This paper takes its point of departure from the migration of images and imaging technologies between the arts and sciences. It investigates the inner connections between images and their traditional “others,” such as concepts, words, and numbers. Instead of inquiring into images as static entities, I focus on what images do, that is, on their operational functioning.
Drawing on Ernst Cassirer’s notion of symbolic function, I seek to develop a notion of images as differential tools that play an integral role in exploration, knowledge, and discovery, no matter whether they are used for artistic or scientific purposes. The main strengths of Cassirer’s approach reside in its dynamic and relational outlook, and, just as important,
in its insistence on the integral and generative role of mediating structures in all aspects of human knowledge and culture. What I hope to show is that, if we adopt the thesis of media playing an integral role in knowledge and being, we are led to develop a differential and pluralist approach. Further, I argue that the differential mode of operation is the inner link between measurement methods, commonly considered as quantitative and calculative, and imaging methods, usually classified as qualitative and observational.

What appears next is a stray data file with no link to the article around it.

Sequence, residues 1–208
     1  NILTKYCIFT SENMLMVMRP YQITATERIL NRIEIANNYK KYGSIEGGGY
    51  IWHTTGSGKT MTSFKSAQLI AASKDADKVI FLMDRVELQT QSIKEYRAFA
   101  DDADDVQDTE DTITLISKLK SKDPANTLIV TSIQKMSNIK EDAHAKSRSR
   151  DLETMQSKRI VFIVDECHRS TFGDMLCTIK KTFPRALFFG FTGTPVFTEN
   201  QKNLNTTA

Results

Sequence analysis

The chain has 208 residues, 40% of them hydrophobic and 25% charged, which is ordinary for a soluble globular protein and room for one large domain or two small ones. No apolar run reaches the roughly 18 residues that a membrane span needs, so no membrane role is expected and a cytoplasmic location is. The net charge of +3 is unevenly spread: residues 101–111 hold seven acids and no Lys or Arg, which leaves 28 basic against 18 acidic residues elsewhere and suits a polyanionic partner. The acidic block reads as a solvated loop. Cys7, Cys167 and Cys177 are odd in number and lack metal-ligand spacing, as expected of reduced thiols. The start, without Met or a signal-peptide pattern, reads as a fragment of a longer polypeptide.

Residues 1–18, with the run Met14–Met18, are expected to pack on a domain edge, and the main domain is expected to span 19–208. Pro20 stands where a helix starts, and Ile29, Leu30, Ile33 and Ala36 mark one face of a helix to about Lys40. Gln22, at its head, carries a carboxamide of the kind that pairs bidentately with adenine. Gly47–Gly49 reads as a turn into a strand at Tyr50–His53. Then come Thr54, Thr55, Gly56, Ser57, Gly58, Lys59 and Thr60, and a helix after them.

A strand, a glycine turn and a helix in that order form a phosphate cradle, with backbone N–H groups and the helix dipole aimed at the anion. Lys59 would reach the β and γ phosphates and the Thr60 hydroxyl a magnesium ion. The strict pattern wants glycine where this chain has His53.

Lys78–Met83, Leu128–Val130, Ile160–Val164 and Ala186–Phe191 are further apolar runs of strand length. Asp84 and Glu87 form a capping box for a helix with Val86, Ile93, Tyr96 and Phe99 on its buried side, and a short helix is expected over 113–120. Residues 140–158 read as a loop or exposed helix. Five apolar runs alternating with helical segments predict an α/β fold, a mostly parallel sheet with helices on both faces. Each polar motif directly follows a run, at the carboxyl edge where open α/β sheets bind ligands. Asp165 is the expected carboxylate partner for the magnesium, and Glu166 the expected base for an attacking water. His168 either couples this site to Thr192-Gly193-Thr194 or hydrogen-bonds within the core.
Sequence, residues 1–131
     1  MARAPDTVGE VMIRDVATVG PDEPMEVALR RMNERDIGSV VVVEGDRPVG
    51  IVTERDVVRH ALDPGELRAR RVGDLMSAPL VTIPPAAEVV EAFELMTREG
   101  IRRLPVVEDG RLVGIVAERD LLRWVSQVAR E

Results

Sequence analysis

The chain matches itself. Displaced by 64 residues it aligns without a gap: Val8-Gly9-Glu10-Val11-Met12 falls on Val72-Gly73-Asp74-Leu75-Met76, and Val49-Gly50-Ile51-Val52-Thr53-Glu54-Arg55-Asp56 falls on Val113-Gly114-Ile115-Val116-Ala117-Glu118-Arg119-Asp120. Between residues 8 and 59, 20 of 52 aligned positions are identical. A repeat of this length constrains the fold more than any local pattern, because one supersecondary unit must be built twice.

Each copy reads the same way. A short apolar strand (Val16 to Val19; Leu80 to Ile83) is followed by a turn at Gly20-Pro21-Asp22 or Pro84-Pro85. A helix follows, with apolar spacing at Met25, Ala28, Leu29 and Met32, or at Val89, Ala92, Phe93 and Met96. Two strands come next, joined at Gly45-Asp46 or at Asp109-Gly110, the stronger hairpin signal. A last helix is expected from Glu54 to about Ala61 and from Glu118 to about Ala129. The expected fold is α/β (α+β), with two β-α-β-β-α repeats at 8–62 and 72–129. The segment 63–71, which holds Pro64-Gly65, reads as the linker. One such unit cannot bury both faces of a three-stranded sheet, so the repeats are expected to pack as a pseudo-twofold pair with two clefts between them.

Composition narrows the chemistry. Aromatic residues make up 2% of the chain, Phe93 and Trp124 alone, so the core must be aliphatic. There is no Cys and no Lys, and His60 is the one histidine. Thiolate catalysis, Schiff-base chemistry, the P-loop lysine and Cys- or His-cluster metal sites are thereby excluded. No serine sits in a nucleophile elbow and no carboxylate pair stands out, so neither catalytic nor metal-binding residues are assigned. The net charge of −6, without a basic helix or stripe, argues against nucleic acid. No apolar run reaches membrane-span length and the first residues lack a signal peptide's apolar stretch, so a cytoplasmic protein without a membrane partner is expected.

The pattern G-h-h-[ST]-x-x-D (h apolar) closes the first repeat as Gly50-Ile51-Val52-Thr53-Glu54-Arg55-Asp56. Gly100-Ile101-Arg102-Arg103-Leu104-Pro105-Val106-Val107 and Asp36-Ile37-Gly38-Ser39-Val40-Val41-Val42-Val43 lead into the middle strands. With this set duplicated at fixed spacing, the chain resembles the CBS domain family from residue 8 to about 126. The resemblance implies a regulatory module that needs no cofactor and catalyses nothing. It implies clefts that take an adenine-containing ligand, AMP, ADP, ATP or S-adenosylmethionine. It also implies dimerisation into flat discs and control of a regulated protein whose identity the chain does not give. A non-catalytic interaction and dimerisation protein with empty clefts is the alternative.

The differential approach reveals new and inner connections between images, words, and numbers by reconfiguring them as operational tools that stand in a “measured” relation to their objects. In conclusion, I argue that the pluralism that results from the proposed approach is not a relativism. The differential approach to mediation recasts the notion of objectivity and paves the way for a positive account of human intervention as a requirement for discovery.